Gram-negative infections caused by non-spore forming, facultative anaerobic E. coli have been identified as severe infections associated with increased mortality and significant healthcare costs. E. coli has been discovered in both humans and animals, as well as in healthy human intestines, urinary tract infections, pericarditis, septicemia, and other diseases ( 1 , 2 ). Although pathogenicity islands of E. coli are two or more DNA segments that encode for the virulence factors such as the Universal Stress Protein (USP) gene, which is essential for bacterial survival during cellular growth, adhesion, and motility. Six types of USP are available: A, and (C-G) which are regulated with different stresses. Although the physiological function of USP is unknown, an intriguing correlation is observed between the USPA gene and bacterial survival during cellular growth arrest. Other studies have discovered that USP has various physiological functions that reprogram the cell to defend and escape during bacterial stress ( 1 , 3 , 4 ). The bacteria collected from patients with pentatectis known as uropathogenic E. coli form a bacterial surface-dependent and involves cell surface molecules as well as various structures and is not destroyed by gentle washing, resulting in pyelonephritis ( 5 ). Furthermore, bacterial cells are tolerable substances that alter the physiology of the host immune system ( 6 , 7 ). The present study aimed at phenotypically identifying E. coli strains by evaluating the biofilm formation and antibiotic resistance pattern, as well as, investigating the USP virulence gene from different sources of hospitals in Baghdad. The study concentrated on the association between the virulence factor and the antibiotic since antibiotic resistance increased.

2. Materials and Methods

2.1. Determination of Phenotype

2.1.1. Bacterial Sources

Samples were collected from men and women in sterile tubes with different sources (urine, burn, and wound) from two hospitals of Al-Yarmouk Teaching Hospital and Baghdad Medical City, Baghdad, Iraq. While burning, samples were taken from the location of the infection using a smear from January to March 2021. All samples were isolated after cultured on brain heart infusion (BHI), blood, and MacConky agars. The biochemical tests (Oxidase, Indol, Methyl-Red, Catalase, and Voges-Proskauer) were used to identify the E. coli isolates.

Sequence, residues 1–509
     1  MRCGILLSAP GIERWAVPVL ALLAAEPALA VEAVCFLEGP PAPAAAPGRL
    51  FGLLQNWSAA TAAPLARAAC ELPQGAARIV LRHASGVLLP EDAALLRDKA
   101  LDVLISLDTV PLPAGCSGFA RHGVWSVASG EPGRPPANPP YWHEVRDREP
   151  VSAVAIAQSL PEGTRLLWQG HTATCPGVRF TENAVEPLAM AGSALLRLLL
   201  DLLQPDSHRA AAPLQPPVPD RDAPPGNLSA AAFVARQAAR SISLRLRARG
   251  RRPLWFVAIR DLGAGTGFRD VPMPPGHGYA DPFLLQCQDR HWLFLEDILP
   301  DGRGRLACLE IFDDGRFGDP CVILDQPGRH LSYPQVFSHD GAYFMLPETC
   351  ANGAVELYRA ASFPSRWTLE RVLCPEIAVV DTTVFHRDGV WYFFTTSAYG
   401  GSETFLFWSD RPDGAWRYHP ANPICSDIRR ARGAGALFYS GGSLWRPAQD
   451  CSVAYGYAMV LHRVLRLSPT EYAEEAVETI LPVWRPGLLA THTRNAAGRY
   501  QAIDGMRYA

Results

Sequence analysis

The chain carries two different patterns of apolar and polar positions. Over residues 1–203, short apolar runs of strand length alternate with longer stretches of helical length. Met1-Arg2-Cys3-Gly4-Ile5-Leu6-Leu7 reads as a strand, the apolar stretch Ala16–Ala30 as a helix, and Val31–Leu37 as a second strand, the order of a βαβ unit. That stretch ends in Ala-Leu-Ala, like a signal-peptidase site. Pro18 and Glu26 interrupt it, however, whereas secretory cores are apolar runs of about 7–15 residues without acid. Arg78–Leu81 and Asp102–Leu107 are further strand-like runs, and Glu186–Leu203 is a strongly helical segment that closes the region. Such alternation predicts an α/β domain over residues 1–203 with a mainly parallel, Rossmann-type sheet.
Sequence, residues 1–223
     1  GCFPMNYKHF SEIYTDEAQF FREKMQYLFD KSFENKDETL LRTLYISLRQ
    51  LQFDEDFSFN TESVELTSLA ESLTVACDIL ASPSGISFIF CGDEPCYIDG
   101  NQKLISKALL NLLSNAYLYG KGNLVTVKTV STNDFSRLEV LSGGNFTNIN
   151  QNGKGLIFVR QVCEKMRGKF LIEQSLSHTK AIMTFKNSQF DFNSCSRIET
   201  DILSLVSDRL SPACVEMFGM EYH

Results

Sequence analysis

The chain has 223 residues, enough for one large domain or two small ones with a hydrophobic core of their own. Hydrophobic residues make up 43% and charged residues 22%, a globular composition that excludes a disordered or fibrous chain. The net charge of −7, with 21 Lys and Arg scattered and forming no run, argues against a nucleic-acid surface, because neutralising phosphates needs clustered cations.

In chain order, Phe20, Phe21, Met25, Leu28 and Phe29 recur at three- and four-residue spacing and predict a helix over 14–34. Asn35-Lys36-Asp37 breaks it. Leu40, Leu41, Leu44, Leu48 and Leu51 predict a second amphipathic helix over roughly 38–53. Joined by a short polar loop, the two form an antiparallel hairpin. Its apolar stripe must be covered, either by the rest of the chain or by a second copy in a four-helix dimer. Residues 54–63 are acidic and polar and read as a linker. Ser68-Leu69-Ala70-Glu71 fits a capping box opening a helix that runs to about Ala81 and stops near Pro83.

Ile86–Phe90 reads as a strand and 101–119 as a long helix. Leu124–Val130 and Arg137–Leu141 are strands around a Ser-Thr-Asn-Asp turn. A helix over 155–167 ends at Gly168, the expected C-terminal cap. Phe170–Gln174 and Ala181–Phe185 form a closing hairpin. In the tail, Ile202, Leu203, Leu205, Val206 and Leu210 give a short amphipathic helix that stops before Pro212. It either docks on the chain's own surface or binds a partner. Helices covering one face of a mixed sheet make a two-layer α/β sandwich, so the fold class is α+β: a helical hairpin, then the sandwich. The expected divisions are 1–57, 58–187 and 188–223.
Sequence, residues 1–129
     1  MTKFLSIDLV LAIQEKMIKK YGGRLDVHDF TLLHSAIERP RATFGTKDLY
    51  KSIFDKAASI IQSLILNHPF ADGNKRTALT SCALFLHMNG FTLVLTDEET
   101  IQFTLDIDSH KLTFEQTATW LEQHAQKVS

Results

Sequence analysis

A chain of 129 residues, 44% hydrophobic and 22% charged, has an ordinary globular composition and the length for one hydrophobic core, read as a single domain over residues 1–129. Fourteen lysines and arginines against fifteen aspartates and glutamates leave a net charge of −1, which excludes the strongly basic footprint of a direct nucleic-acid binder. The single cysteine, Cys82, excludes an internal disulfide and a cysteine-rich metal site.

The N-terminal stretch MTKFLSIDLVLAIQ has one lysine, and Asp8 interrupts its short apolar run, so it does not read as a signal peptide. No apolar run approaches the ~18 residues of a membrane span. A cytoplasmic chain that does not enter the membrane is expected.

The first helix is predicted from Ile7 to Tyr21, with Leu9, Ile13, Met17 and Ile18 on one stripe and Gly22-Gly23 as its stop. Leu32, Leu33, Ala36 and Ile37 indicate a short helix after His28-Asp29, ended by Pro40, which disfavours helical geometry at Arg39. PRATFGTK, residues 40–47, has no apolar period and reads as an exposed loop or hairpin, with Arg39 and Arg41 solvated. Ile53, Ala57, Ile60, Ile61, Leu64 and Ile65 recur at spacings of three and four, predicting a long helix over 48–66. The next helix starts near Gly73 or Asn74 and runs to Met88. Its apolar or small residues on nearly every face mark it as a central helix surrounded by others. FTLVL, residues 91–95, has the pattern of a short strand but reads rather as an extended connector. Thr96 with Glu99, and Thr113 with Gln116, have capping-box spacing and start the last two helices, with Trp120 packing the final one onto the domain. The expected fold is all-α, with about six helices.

2.1.2. The Sensitivity Test for E. coli Isolates

Seven types of antibiotics were used to perform a local sensitivity analysis for all E.coli isolates after being cultured by the agar diffusion method, then, the zone region of media was measured in which bacteria fail to grow ( 8 ).

2.1.3. Biofilm Forming Assay (Microtiter Plate)

All 50 isolates grown in tryptic soy (TS) broth supplemented with 20% glucose were evaluated for biofilm formation using the 96-well microtiter plate. Each isolate was grown overnight at 37 ͦ C, then cultures were diluted by 0.5 McFarland, 1.5×108 cell/ml. Later, 180 μL aliquots of these cultures and 20 μL of TS broth were added to the microtiter plate. Some wells only contained sterile TS broth supplemented with 20% glucose to serve as controls. Incubation of the plates was done in aerobic condition incubation at 37 °C for 24 h. Then the plates were washed three times using 200 μL phosphate saline (PBS) to get rid of other non-adherent cells. Then the plate was dried. A 1% solution of 180 µl purple crystal was used and the wells were stained for 15 min, the unbound crystal violet was done before washing with 200 µl of PBS. Fixing dye released by adding 200 μL of 96% ethanol. A quantitative examination of biofilm production was then performed. The absorbance of each well was measured at 630 wavelengths. This experiment was performed based on the adsorption values calculated in three replications: if the absorbance of samples is less than or equal to the absorbance of the control, it means that no biofilm is produced; however, if the absorbance of the control is less than the absorbance of the samples or equal for 2× absorbance the control, that means weak biofilm is produced, and if 2×absorbance of control is less than absorbance of samples or equal the 4×absorbance of the control that means moderate biofilm is produced, while if the 4×absorbance of control less than the absorbance of the samples that means strong biofilm production.